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Home » Chapter 13 » I’ve had to use my credit cards recently, can I still file a bankruptcy?

I’ve had to use my credit cards recently, can I still file a bankruptcy?

| Feb 4, 2012 | Chapter 13, Chapter 7, Debt Settlement

There is no perfect time to file for bankruptcy. Ideally, you should wait to file at a point when you have not touched your credit cards for several months and your credit card charges over the past year have not taken a big jump. Further there is less chance that you will face any objection if you have made at least the minimum payment over the past 6 months or longer.

Section 523 of the Bankruptcy Code sets out a number of situations in which credit card debt will not be discharged. Section 523(a)(2)( c) makes non-dischargeable consumer debt totaling more than $500 for luxury goods and services owed to any one creditor that are incurred within 90 days of filing, or cash advances totaling $750 or more owed to any one creditor made within 70 days of filing.

Section 523(a)(2) makes non-dischargeable debt owed to a creditor that was incurred by false pretenses or by fraud.

So to sum it up, Section 523 gives credit cards at least two arguments to challenge a Debtor:
1. Recent credit card use (within 3 months) for anything but necessities like food, clothing and shelter
2. Any credit card use in the recent past (up to a year prior to filing) if a Debtor makes charges where there is no reasonable expectation of repayment.

Here’s another way to think about it: If you have lost your job, and for the last year your only source of support are credit cards and cash advances, you should not expect to avoid a challenge by the credit card issuer just because you wait 91 days after your last use of your cards.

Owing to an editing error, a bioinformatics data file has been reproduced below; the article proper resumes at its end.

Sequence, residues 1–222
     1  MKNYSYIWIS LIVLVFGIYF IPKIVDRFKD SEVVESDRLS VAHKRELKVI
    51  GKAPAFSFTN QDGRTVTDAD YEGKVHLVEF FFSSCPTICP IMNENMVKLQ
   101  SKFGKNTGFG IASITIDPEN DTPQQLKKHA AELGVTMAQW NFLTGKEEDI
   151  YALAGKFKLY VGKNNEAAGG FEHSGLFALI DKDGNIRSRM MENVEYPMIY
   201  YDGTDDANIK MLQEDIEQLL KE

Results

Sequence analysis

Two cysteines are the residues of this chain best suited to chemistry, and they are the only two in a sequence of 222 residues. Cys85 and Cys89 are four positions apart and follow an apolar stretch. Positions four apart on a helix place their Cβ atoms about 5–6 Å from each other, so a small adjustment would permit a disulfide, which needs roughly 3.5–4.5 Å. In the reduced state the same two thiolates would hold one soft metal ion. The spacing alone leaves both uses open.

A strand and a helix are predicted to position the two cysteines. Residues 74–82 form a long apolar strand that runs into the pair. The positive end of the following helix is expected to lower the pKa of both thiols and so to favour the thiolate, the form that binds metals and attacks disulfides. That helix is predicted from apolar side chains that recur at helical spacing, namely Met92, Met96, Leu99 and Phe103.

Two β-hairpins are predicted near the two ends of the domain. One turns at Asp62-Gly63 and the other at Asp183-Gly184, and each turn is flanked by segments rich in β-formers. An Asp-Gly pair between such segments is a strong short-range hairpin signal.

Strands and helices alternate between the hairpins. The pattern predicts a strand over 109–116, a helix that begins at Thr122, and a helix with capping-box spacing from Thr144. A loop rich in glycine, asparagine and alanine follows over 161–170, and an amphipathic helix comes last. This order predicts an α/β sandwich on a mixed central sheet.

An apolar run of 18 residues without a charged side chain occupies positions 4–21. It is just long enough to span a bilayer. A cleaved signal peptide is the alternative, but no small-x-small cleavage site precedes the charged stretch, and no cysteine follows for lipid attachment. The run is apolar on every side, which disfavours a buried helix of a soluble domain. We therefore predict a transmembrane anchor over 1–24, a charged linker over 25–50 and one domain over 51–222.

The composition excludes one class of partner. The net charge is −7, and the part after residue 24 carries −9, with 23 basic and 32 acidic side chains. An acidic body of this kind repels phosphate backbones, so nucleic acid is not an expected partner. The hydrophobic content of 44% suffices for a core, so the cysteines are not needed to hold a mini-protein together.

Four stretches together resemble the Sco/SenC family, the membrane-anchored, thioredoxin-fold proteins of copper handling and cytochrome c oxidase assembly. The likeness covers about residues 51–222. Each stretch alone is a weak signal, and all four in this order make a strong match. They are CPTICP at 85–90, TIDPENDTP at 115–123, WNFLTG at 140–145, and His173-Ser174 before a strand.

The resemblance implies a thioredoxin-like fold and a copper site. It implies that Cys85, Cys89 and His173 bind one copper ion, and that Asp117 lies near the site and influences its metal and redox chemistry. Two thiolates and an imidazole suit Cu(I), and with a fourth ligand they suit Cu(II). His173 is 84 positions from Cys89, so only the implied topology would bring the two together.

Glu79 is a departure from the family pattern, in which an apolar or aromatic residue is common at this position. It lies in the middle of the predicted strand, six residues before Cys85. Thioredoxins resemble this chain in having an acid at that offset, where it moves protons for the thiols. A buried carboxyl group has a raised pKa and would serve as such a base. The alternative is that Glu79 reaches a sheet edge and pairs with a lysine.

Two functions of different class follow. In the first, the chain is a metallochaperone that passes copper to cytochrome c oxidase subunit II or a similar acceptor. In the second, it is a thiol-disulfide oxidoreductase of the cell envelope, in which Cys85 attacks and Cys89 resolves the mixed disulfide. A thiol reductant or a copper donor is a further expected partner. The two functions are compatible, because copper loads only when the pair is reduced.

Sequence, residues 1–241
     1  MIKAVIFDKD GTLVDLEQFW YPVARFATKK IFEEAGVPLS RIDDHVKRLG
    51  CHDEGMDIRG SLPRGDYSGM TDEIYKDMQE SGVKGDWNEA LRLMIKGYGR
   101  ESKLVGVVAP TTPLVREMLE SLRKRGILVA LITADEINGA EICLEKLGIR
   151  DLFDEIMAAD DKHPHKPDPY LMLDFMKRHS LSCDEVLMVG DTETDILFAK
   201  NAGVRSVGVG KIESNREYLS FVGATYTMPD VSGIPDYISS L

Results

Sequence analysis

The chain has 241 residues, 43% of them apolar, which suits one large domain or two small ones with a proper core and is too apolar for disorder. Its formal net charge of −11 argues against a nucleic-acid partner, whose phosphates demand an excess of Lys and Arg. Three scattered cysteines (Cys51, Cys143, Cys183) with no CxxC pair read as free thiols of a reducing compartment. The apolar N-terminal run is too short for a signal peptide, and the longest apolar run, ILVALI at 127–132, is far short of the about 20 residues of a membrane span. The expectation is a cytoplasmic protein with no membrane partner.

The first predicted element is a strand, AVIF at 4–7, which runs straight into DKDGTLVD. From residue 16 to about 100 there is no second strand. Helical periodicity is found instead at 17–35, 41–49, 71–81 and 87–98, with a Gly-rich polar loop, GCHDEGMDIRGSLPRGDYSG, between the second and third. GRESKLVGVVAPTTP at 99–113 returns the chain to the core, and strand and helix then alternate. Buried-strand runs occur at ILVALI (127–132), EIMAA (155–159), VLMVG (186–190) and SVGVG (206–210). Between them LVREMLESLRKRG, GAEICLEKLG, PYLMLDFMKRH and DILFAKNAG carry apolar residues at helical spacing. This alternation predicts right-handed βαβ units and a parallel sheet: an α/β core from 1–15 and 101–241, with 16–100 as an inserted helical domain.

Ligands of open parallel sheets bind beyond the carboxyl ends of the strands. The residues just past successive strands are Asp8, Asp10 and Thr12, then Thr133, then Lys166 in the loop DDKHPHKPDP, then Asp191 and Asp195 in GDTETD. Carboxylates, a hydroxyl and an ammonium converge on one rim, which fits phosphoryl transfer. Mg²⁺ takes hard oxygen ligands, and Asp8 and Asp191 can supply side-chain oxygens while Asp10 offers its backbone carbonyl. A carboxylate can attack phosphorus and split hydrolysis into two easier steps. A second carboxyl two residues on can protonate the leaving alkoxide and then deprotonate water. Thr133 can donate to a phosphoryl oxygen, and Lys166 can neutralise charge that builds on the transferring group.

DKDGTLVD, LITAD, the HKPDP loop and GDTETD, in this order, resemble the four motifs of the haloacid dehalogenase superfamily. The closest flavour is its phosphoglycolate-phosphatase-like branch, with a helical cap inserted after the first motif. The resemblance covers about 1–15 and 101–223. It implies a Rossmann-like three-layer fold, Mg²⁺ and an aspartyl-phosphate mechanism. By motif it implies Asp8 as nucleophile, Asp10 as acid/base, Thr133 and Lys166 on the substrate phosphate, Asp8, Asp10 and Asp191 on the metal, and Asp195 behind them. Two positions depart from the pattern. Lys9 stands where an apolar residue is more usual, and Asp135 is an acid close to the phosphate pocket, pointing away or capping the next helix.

What, then, should you do if you need to buy food or gasoline in the weeks before you actually file?

You should recognize that shortly after you file, there is a very good chance that your credit cards will all be canceled and you are going to have to find another way to pay for your food and gasoline. A bankruptcy may eliminate old debt but it will not help you pay your current or on-going bills.

As a practical matter you are not going to want to spend the money litigating Section 523 dischargeability actions. Bankruptcy litigation is expensive and if you are scraping to buy food and gasoline, you will not be able to afford litigation. The fee you pay your bankruptcy lawyer will almost never include litigation.

If you are in Southeastern Wisconsin and are having trouble with your credit card debt, contact Miller and Miller today. We have offices in Milwaukee and Kenosha, making sure that whether you live in Racine or Waukesha, you have a office close to home.

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